Monday 21 January 2013

More on Agency, Millennium Conference

A bit of background might help elucidate how and why I arrived at my last post on things and agency.  I was suddenly compelled to write about it by Jeremy's post but I'd been thinking about it for a while.

Until quite recently I too was quite happy to use 'agency' in the more-or-less Latourian fashion (as a catchall term for 'causal efficacy' of any sort) and considered any objection to it to be simply reactionary.  It was attending the Millennium journal's conference on 'Materialism in World Politics' a few months ago that changed my mind.  The conference itself seemed to be split down the middle to some degree in terms of the theoretical persuasion of the attendees: half were dyed-in-the-wool historical materialists of one sort or another; the other half were acolytes of materialism after the fashion of Latour, Connolly, Bennett, Haraway, etc.  I found it interesting that the to-and-fro of the argumentation between the two camps eventually ended up orbiting around one issue in particular: that of the 'agency' of things.

Some, Colin Wight and David Chandler for two, argued strongly against the attribution of agency to things.  Another person even called it 'fascist' since it 'eliminated the difference between people and things.'  This objection is, of course, totally reactionary.  Granting 'agency' to things doesn't destroy the difference between humans and other kinds of things; it makes the difference one within a plurality rather than across a duality and ontologically secondary rather than primary.  However, some objections were more nuanced.  The argument that really persuaded me was that the concept of political agency is a hard-won spoil of ideological conflict and that it mustn't be taken for granted because many political ideologies deny the notion of human beings in general having the capacity for reflexivity, self-consciousness and intentional, purposive, intelligent action.  We see this today with the creeping technocratisation of governance in Europe, disguised and rationalised by economics and the cult of There Is No Alternative, for example.  Such ideologies are real today and they were even more so in the past.

This made me realise that agency in science and in politics are quite different things.  In science human agency, conventionally defined, has been granted far too much but in politics this is not the case; in politics the very capacities that were so overstated in scientists need to be cultivated, nurtured and promoted.  What in one instance was so hyper-abundant as to be a pest in the other is, if not endangered, not in overwhelmingly good health.

We certainly need to understand the impurity and complexity of politics in terms of the massive proliferation of things qua 'issues' (as in 'dingpolitik') and we need to be rid of the myth of naked humans talking amongst themselves but we also need to recognise that there is an enduring truth in the various theoretico-political myths of 'humans amongst themselves' -- that there are specificities to human being that require special theoretical terms.  Human being may not be unique in type but it is singular in importance and so we need to be careful when we are taking apart the concepts with which its specificity has hitherto been captured, even if we are justified in performing such disassembly work in general.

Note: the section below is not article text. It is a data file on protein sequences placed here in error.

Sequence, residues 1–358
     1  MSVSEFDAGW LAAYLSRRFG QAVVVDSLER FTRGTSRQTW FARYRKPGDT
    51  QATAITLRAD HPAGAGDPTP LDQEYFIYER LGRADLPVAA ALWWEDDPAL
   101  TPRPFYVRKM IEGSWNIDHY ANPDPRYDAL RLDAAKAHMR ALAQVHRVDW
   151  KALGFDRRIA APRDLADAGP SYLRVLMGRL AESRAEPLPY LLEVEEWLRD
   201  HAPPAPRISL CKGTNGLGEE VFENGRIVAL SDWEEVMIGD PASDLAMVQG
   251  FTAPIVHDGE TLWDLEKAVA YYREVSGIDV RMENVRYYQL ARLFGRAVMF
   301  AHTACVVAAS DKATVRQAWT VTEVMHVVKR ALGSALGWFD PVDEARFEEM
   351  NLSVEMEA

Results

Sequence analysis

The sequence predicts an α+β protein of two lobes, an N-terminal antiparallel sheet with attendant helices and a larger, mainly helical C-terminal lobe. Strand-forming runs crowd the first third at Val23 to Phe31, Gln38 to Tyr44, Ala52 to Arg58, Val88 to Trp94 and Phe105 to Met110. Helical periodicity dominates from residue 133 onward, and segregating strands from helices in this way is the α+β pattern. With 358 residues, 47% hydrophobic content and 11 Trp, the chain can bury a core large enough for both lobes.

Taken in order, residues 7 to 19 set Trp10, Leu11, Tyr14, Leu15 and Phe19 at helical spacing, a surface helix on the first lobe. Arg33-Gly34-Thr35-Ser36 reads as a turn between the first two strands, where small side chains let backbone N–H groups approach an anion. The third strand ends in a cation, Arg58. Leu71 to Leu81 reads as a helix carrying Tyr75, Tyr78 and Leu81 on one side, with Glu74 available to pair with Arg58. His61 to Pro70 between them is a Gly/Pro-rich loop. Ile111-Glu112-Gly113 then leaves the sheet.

So, I don't pretend to have any answers here.  I'm not saying that the old humanist version of agency must necessarily be preserved.  I'm largely won over by Levi's articulation of agency as gradational and to be attributed in its varying forms on the basis of empirical evidence rather than a priori.  Jeremy's splitting of the term into three works well too.

I suppose what I'm trying to say programmatically is that a lot of work has been done un-bifurcating nature, flattening ontology, pluralising duality, post-ing humanism and so on and a large part of this has involved dethroning the naked human Subject.  However, that, for any social or human science, can only be an initial, critical move; an earth-clearing exercise.  The attribution of 'agency' to things worked well at that stage but it has become dehistoricised and ANT has become known as 'the theory that things have agency' -- as ANT quietly steamrollers its way through the human sciences this claim becomes gradually indissociable from everything else anyone has ever said about it.  A far greater degree of nuance than this is now required

It seems that Levi and Jeremy are both well ahead of me on this but I met numerous people at the Millennium conference who were still very much stuck with the impression that the claim that 'things have agency' is very much the insight of Latour, ANT, etc.  I now think that this is not the important insight so much as it was one way of articulating a broader point in a way that worked analytically, polemically and philosophically in that particular context (science studies in the 1980s) but that is less than adequate now.

I suppose this is ultimately just a 'baby and bathwater' argument: I think that 'agency' as traditionally defined has some conceptual and political importance, despite its flaws, so we should be careful when redefining it, though redefine it we must.